Format:VHS Tape
Randy rides alone, as with most of John Wayne's B westerns is a depression era, low budget vehicle that has to be watched carefully. while the plot may not stimulate the senses, take the time to watch Wayne. In these B westerns, he is actually perfecting the John Wayne signatures that would make him a box office champion in the years ahead. It was during these films that he for example, perfected the patented spin of a colt revolver as it leaves the holster. This "trick" he would later use to add a razor's edge to the role of Ethan Edwards, in John Ford's 1956 classic "The Searchers". If you are a Wayne afficianato, you will pick up many of these things as you watch "Randy rides alone". These traits that in this reviewer's humble opinion, make this less a B western than sheer John Wayne 101.
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2 of 2 people found the following review helpful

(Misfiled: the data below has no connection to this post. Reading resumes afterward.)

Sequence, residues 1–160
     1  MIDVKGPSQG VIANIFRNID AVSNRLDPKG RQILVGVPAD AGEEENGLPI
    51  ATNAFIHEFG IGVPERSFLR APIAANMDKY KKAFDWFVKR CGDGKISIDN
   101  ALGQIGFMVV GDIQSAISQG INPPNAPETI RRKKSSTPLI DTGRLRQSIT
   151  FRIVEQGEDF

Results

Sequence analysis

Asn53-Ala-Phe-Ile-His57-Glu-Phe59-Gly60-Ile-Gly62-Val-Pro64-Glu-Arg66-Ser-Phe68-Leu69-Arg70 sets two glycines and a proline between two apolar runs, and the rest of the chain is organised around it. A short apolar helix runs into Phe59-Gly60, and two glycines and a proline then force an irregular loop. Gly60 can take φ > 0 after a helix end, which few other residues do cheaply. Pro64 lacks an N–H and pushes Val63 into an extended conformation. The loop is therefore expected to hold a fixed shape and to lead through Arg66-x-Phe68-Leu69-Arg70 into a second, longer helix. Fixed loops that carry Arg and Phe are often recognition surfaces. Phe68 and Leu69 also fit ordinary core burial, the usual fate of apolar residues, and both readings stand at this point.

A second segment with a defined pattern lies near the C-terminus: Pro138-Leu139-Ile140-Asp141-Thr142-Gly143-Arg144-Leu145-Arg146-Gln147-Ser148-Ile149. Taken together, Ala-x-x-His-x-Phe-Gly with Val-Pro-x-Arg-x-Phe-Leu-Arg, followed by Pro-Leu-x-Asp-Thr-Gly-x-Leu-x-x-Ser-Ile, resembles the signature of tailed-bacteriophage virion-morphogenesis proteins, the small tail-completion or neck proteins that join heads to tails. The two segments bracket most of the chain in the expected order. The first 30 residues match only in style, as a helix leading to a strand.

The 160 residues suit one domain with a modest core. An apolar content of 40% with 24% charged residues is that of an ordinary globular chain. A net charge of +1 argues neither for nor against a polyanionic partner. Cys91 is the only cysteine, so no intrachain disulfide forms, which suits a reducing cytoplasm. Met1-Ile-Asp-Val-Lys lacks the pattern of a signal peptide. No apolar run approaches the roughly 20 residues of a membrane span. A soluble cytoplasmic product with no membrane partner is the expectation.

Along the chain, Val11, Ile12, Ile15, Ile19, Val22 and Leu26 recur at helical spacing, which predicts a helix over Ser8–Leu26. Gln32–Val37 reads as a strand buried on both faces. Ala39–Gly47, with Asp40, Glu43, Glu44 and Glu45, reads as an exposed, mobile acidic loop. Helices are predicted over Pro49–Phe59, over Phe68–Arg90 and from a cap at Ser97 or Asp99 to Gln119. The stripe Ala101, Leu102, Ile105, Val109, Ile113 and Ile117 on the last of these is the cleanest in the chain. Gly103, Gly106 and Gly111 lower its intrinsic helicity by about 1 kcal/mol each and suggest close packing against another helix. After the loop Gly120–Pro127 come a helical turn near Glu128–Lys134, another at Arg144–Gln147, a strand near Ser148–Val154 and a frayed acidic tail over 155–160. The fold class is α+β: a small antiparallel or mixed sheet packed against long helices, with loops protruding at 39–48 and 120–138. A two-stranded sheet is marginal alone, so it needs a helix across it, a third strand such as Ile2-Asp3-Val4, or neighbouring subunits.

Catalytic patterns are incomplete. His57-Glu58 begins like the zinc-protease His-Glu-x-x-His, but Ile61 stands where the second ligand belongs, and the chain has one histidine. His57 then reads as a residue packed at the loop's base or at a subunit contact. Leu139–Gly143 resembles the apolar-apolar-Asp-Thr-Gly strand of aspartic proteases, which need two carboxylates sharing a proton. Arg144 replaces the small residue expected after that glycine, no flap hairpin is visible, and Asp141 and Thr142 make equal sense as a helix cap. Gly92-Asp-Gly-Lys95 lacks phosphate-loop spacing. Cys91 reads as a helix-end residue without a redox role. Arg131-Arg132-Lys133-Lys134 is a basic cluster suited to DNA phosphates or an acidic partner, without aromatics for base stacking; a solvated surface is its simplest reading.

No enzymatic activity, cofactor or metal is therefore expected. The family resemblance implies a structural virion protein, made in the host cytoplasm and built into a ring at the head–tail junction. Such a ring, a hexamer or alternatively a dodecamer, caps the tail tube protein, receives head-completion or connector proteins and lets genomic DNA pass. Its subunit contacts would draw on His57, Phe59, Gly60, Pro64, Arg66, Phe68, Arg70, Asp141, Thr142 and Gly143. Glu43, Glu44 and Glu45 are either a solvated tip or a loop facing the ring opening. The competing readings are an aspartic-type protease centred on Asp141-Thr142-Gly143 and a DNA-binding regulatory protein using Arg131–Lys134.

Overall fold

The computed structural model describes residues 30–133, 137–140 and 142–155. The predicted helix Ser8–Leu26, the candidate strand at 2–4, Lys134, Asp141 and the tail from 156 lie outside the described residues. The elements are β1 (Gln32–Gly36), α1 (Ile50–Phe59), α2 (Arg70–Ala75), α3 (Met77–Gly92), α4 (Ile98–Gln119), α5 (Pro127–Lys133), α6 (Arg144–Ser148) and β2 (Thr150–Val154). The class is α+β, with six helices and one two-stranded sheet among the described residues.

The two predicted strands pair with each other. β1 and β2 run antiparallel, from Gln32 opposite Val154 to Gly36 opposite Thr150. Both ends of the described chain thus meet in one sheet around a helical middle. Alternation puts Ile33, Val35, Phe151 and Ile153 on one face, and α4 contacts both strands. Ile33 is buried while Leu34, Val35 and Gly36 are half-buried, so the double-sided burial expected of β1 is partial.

5.0 out of 5 stars Randy Rides Alone! June 21, 2004
Format:VHS Tape
Another sensational Lone Star Duke western. It can also be easily enjoyed on the big screen, since the DVD transfer is quite stellar, and the negative has been obviously cleaned up and remastered for new music.
Randy Bowers (Wayne), finds a saloon full of corpses, and is caught inside by the lawmen. He is accused of the crime, and locked up in prison. A young woman decides that Wayne is not part of the murdering gang, and bails him out. He decides to join the guilty outlaws to search out the genuine killer. George Hayes co stars as "Marvin Black", or "Matt the Mute." Wayne discovers that Black is responsible for this, and brings the outlaw to eventual justice.
A western that should be appreciated by all, especially John Wayne fans.